Kimber Kable 4PR and 8PR Speaker Cable Review

Posted on 24th April, 2024

Kimber Kable 4PR and 8PR Speaker Cable Review

John Pickford auditions the latest in a long line of premium loudspeaker cables from this venerable brand…

Kimber Kable

4PR and 8PR Speaker Cable

£20/m and £40/m, respectively (bare unterminated off-the-reel)

From £92/m pair and £185/m pair, respectively (cut and stripped)

Kimber Kable 8PR Speaker Cable Review

It is rare for hi-fi designs to remain essentially unchanged for decades, as manufacturers tend to constantly revamp their ranges to keep pace with modern trends or new innovations. A sacred few products, however, have proven so popular that meddling with the fundamental design is unnecessary. Tannoy Dual Concentric loudspeakers are one such example, as is Kimber Kable, which has been making fine-sounding speaker cables for four and a half decades.

Ray Kimber created his first loudspeaker cables in 1979, naming them the 4PR and 8PR. What we have here for audition are the direct descendants of these, which now come equipped with Kimber's proprietary VariStrand (VS) variable diameter conductors, while the company's own high-purity OFE (oxygen-free electrolytic) copper is as good as it always was. Incidentally, StereoNET's Editor-in-chief David Price has long been a fan, and a few years ago, he used the previous version of the 8PR to rewire his classic Wharfedale E70 speakers with excellent results.


Both cables feature Kimber's counter-opposed helix design; the 4PR utilises four strands of wire to each terminal, while the 8PR doubles the count to eight. This equates to eight strands and sixteen strands, respectively, for each mono cable. The wires are wrapped in polyethylene insulation with the braids visible rather than being encased within an outer jacket. Also, with a nod to the original nineteen seventies design, the interwoven wires are red and black, which lends a vintage look and makes a correct connection to amplifiers and speakers foolproof. Although nothing in the company's literature states that the cables are directional, arrows on the banana plugs fitted to my review samples indicate a suggested direction of travel from amp to speaker.

Kimber Kable 8PR Speaker Cable Review

While Kimber offers these cables in terminated pairs of various lengths, both designs are available in custom lengths; you can even order a single length of mono cable if you so wish. Once you have determined your optimal length, you can specify termination, which is nitrogen-assisted and hand-soldered, with either standard 4mm banana plugs, Kimber UltraPlate spades or simple cut and stripped wire. Unsurprisingly, bare wire is the most affordable option, while bespoke UltraPlate spade connectors are the premium option.


The Kimber Kable 4PR is a clean, open and spacious sounding design. It presents high frequencies cleanly with very good treble extension, allowing a sense of air and space at the top end of the audio spectrum. This accentuates fine detail in vocals and lead instruments and shines a spotlight on ambient cues such as reverb and delay effects. For example, streaming Pink Floyd's Dark Side Of The Moon turns out to be a more ethereal experience than I am used to, especially during tracks such as Us And Them, where one can more clearly hear the repeat echo and chamber reverb shrouding the lead vocal and saxophone. This cable makes this recording sound less stodgy than it can be, and the rhythm flows more freely.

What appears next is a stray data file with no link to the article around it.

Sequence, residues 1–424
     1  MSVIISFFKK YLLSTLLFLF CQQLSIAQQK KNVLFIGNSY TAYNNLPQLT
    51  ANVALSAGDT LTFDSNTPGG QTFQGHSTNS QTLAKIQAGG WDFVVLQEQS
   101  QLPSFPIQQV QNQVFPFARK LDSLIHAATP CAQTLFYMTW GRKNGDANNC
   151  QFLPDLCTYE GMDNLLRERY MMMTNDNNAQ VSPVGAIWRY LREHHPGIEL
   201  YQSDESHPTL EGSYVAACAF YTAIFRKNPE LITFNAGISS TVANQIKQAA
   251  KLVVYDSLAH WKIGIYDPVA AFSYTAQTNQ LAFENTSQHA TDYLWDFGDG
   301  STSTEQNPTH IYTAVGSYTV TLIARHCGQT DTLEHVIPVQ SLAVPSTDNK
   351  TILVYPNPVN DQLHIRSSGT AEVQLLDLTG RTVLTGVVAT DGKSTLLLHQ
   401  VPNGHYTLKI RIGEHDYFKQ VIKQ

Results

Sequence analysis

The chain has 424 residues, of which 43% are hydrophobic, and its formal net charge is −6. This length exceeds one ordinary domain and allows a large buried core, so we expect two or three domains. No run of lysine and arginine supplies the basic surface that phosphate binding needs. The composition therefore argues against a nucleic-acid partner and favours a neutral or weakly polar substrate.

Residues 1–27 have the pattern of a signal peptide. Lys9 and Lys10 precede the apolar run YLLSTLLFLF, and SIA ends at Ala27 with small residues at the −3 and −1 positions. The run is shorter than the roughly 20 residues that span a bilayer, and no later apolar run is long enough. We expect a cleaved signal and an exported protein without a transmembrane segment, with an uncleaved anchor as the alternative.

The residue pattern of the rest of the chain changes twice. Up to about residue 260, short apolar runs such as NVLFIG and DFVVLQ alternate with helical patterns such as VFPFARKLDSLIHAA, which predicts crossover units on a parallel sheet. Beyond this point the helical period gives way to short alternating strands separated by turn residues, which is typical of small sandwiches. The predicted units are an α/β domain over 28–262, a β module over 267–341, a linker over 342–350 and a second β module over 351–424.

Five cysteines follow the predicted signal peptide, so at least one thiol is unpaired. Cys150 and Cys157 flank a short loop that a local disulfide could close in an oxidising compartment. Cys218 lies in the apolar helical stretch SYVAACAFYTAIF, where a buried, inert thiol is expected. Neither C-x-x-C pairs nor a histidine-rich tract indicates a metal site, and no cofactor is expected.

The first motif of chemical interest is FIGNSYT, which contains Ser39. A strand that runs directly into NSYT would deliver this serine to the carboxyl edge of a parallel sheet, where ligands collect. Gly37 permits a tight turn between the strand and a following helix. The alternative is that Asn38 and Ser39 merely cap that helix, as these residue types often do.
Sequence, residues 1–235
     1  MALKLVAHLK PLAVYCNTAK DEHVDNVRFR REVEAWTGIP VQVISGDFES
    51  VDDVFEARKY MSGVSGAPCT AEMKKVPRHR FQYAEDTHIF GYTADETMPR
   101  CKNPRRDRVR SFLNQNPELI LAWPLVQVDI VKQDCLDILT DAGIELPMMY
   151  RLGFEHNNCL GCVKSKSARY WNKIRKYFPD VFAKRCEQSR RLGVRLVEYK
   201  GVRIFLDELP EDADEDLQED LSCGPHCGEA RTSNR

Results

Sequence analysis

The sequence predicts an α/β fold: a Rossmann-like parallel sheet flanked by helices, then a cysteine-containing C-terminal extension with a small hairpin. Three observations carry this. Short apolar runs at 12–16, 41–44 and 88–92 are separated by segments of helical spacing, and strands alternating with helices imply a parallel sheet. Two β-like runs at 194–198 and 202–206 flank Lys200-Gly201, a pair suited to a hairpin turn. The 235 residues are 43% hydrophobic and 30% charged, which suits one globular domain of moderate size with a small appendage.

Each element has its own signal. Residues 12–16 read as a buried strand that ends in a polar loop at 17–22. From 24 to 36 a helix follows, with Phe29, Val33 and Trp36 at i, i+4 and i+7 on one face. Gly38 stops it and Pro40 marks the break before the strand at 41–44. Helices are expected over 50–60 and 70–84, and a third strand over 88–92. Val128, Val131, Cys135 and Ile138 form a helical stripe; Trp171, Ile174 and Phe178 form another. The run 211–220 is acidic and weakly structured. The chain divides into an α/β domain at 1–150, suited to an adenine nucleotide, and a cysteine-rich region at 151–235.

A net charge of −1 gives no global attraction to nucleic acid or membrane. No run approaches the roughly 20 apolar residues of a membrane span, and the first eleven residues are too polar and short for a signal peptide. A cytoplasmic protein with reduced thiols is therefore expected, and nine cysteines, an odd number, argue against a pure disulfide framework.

Kimber Kable 8PR Speaker Cable Review

Switching to the 8PR for a repeat run-through of this nineteen-seventies rock classic and the more expensive cable builds upon the 4PR's strengths. It loses nothing of that lovely airy treble performance yet reveals a more solidly focused midrange and bass that adds flesh to the bones of the recording without sounding dull or turgid. While the 8PR is able to bring out more depth and substance in recordings, it's not at the expense of rhythmic alacrity, as the music is replayed with all its inherent pace and drive intact.

Kimber Kable 8PR Speaker Cable Review

To further put things in perspective, spinning Lee Morgan's classic soul-jazz track The Sidewinder—from an original Blue Note vinyl pressing—really gets the toes tapping. The musical separation between horns and the rhythm section is conveyed with clarity and cohesion, while the natural timbre of the acoustic instruments is startlingly accurate. It's a very impressive performance from this admittedly premium-priced speaker cable.


Although Kimber Kable may not be as high profile as some brands, what its cables do sonically is seriously special. The 4PR and 8PR perform really strongly at their respective price points. If you have a mid-priced system that sounds a little muted or tired, the 4PR could be just the ticket to pep up its performance. Meanwhile, the apparent focus and transparency of the 8PR qualify it for high-end applications where you'd typically find more esoteric and costly cables.

Visit Kimber Kable for more information


    John Pickford's avatar

    John Pickford

    A professional recording engineer since 1985, John strives for the ultimate in sound quality both in the studio and at home. With a passion for vintage equipment, as well as cutting edge technology, he has written for various British hi-fi and pro-audio magazines over the years.

    Posted in:Hi-Fi Accessories Cables Applause Awards 2024
    Tags: kimber kable  russ andrews 


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